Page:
University Marketing & Communications

April 1, 2011

Buildout Recipes and Genshi


This was originally posted on Chris Heiland’s staff blog while he was a member of the Web Team. Chris migrated this post to the Web Team blog before he left because we thought the content still had value to the UW community.

We had a problem where we needed two different varnish configuration files between our staging and production plone environments. Generating two files that do similar things is just too much work and unnecessary. However, there is a solution.

Utilizing collective.recipe.template to generate a configuration file is very easy and well documented. Using variables is a huge time-saver and is very effective when dealing with subtitle changes in files. However, for this problem, something more was necessary.

The major difference between staging and production is the number of instances running. Since we are using varnish to load balance it was necessary to specify all the instances to send requests to. This was a bit more complex than just specifying a number.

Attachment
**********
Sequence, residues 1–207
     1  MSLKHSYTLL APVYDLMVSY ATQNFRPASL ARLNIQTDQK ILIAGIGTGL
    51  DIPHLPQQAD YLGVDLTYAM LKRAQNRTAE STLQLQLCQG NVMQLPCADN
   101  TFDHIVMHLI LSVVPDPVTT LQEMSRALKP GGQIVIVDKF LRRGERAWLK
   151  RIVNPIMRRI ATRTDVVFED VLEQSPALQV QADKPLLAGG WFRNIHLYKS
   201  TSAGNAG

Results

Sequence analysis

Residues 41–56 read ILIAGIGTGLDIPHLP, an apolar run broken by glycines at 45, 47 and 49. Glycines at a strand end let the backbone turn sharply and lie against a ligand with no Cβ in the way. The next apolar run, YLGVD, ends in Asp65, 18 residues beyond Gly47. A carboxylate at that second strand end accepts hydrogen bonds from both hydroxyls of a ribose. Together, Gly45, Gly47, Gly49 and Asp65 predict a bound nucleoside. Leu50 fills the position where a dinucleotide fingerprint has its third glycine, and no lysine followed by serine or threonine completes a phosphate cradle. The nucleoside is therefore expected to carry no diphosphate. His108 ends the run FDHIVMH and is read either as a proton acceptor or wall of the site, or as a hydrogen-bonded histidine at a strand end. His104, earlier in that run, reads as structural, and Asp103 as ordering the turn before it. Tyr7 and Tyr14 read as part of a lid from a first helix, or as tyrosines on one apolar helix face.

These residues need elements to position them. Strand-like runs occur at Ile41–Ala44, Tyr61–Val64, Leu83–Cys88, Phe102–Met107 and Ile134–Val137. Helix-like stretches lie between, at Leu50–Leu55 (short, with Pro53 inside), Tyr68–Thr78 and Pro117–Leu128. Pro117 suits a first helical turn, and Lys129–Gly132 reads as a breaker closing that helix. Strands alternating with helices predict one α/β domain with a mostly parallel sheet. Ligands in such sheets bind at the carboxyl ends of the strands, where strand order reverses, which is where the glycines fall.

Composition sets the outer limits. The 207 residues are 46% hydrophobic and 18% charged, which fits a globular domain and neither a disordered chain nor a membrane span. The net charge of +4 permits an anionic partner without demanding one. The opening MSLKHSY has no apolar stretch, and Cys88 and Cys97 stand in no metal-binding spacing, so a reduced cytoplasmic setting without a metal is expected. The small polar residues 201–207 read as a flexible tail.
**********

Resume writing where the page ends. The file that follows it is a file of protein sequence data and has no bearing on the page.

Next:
To auto-generate files with that much difference, we needed some sort of looping mechanism. Believe it or not, it’s possible, but only mentioned sparingly in the documentation:

Starting with version 1.7 you can use genshi text templates.

Now what does this mean? As of that version number we can use Genshi templating, specifically, the NewTextTemplate. Which means that generating whole sections of repeating code is super easy, as long as the syntax used is done right.



recipe = collective.recipe.template[genshi]:genshi
input = etc/varnish.vcl.tmpl
output = etc/varnish.vcl
#Note the numbers are crammed together
#Any formatting messes up the loop
instances = 1234


{% for num in options['instances'] %}
backend instance${num} {
.host = "localhost";
.port = "808${num}";
{% end %}

Now there is an assumption Genshi is installed in your python path that plone can access. Provided plone is installed in a virtualenv it’s a one liner:

bin/easy_install Genshi